Cook contends that the district court erred in granting Defendants' motion to dismiss for two reasons. First, he argues that the foreign manufactured non-FDA approved sodium thiopental may be "contaminated, compromised, or otherwise ineffective, such that it will not properly anesthetize him" or "might not actually be sodium thiopental at all" and that "using an unapproved substance from an [End Page 7] unknown manufacturer in an execution gives rise to a substantial risk of unconstitutional pain" in violation of the Eighth Amendment. Second, Cook contends that the administration of "an unapproved substance from an unknown manufacturer in an execution by medical professionals constitutes deliberate indifference" to his right to be free from cruel and unusual punishment in violation of the Eighth Amendment.
IV

At issue for both of these claims is whether Cook has sufficiently satisfied, to survive a motion to dismiss, Rule 8(a)'s pleading requirements to state facially plausible claims that the drug the ADC has obtained is "sure or very likely to cause serious illness and needless suffering" in violation of his Eighth Amendment right to be free from cruel and unusual punishment. See Baze, 553 U.S. at 50; see also Iqbal, 129 S. Ct. at 1949 (pleading standard). We conclude that Cook's allegations fail to meet this standard.

While the pleading standard for Rule 8(a) is liberal, the "[f]actual allegations must be enough to raise a right to relief above the speculative level." Twombly, 550 U.S. at 555. In Iqbal, the Court noted that "[t]o survive a motion to dismiss, a complaint must contain sufficient factual matter, accepted as true, to "˜state a claim

[End Page 8] to relief that is plausible on its face.'" Iqbal, 129 S. Ct. at 1949 (quoting Twombly, 550 U.S. at 570).

Cook's allegations that foreign manufactured non-FDA approved drugs "may not be effective," "could be contaminated or compromised," and "may be very different from FDA approved drugs with respect to formulation, potency, quality, and labeling" are all speculative and overly generalized claims applicable to every drug produced outside the United States. Cook does not make any specific allegations about the manufacturing process, formulation, potency, quality, or labeling of the drug at issue here. Cook also fails to allege any facts to support his claim that the drug might not actually be sodium thiopental or that it could be contaminated, compromised, or otherwise substandard such that it may not effectively anesthetize him and cause him unconstitutional pain when the next two drugs are administered. Id. Cook's allegation that the ADC lacks appropriate safeguards to ensure the sodium thiopental it obtained "is not contaminated, is viable, and is actually sodium thiopental" is also conclusory and without any supporting factual allegations. Moreover, Cook's assertion that "the substance was obtained in violation of federal law" is again speculative and Cook has not made a sufficient showing that the lack of FDA approval of the sodium thiopental at issue here makes it sufficiently likely that the sodium thiopental is either not what it [End Page 9] purports to be, or is otherwise adulterated.3 Rather, Cook relies on his allegations that Arizona's sodium thiopental is imported and not approved by the FDA. But Landrigan, 131 S. Ct. 445, advises that these facts are not sufficient to state a plausible Eighth Amendment claim. Like the instant case, Landrigan involved an Arizona death row inmate challenging Arizona's use of imported, non-FDA-approved sodium thiopental. Reversing the Ninth Circuit, the Supreme Court held that the district court abused its discretion in granting Landrigan's motion for a preliminary injunction to stay his execution.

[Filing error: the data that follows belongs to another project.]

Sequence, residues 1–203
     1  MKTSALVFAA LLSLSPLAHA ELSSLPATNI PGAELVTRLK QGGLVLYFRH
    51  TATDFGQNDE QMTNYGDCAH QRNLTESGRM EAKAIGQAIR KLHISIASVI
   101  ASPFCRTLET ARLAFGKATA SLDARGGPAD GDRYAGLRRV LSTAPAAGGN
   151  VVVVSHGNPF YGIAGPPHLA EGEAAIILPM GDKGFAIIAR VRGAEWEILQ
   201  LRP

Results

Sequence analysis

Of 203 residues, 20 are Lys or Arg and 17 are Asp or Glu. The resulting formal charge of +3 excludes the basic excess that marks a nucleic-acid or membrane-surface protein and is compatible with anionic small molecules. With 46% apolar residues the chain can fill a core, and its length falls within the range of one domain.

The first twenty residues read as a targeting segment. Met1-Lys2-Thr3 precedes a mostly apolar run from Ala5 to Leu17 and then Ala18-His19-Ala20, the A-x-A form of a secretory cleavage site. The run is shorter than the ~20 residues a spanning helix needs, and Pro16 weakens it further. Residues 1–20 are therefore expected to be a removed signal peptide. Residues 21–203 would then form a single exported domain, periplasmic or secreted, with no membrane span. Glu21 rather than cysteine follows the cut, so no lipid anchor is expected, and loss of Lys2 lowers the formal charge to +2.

Cook distinguishes Landrigan on the grounds that it involved a preliminary injunction, whereas the instant case involves a motion to dismiss. Thus, while Landrigan had to provide enough evidence to make success on his claim "likely," Cook only needs to allege enough facts to make his claim "plausible." Nevertheless, the Court in Landrigan found "no evidence in the record to suggest that the drug obtained from a foreign source is unsafe." Id. This statement clearly implies that the facts that Arizona's sodium thiopental is imported and non-FDA approved do not themselves constitute evidence of danger. Thus, in this case, Cook's bare allegations that the sodium thiopental is imported and non-FDA

3
We express no view as to whether the sodium thiopental was obtained